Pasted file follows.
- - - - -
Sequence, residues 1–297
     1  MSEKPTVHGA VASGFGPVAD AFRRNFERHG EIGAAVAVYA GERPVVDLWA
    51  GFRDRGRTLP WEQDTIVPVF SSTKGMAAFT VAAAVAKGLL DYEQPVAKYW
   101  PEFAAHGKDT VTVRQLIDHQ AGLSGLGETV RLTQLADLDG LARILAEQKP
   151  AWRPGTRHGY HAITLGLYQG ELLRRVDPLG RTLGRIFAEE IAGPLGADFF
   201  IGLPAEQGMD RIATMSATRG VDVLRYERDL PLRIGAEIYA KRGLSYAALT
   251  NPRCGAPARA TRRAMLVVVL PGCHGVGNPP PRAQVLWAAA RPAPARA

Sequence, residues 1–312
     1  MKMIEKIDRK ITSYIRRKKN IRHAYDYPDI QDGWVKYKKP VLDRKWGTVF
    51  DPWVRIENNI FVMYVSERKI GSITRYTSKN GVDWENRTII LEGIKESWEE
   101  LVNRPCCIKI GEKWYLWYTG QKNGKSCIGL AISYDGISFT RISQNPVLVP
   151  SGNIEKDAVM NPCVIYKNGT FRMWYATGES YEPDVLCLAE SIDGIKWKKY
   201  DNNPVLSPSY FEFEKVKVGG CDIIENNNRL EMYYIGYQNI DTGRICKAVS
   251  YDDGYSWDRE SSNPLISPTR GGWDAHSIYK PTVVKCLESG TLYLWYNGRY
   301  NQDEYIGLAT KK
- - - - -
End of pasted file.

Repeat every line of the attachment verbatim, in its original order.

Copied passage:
Sequence, residues 1–297
     1  MSEKPTVHGA VASGFGPVAD AFRRNFERHG EIGAAVAVYA GERPVVDLWA
    51  GFRDRGRTLP WEQDTIVPVF SSTKGMAAFT VAAAVAKGLL DYEQPVAKYW
   101  PEFAAHGKDT VTVRQLIDHQ AGLSGLGETV RLTQLADLDG LARILAEQKP
   151  AWRPGTRHGY HAITLGLYQG ELLRRVDPLG RTLGRIFAEE IAGPLGADFF
   201  IGLPAEQGMD RIATMSATRG VDVLRYERDL PLRIGAEIYA KRGLSYAALT
   251  NPRCGAPARA TRRAMLVVVL PGCHGVGNPP PRAQVLWAAA RPAPARA

Sequence, residues 1–312
     1  MKMIEKIDRK ITSYIRRKKN IRHAYDYPDI QDGWVKYKKP VLDRKWGTVF
    51  DPWVRIENNI FVMYVSERKI GSITRYTSKN GVDWENRTII LEGIKESWEE
   101  LVNRPCCIKI GEKWYLWYTG QKNGKSCIGL AISYDGISFT RISQNPVLVP
   151  SGNIEKDAVM NPCVIYKNGT FRMWYATGES YEPDVLCLAE SIDGIKWKKY
   201  DNNPVLSPSY FEFEKVKVGG CDIIENNNRL EMYYIGYQNI DTGRICKAVS
   251  YDDGYSWDRE SSNPLISPTR GGWDAHSIYK PTVVKCLESG TLYLWYNGRY
   301  NQDEYIGLAT KK